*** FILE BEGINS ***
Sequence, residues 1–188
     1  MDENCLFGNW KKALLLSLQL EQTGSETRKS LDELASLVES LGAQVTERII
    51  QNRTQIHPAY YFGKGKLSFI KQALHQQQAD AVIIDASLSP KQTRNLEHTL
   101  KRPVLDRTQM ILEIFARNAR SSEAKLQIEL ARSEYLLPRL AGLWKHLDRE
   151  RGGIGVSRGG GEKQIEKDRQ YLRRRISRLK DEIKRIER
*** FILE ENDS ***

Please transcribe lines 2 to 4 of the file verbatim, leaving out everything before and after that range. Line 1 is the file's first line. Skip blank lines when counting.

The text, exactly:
     1  MDENCLFGNW KKALLLSLQL EQTGSETRKS LDELASLVES LGAQVTERII
    51  QNRTQIHPAY YFGKGKLSFI KQALHQQQAD AVIIDASLSP KQTRNLEHTL
   101  KRPVLDRTQM ILEIFARNAR SSEAKLQIEL ARSEYLLPRL AGLWKHLDRE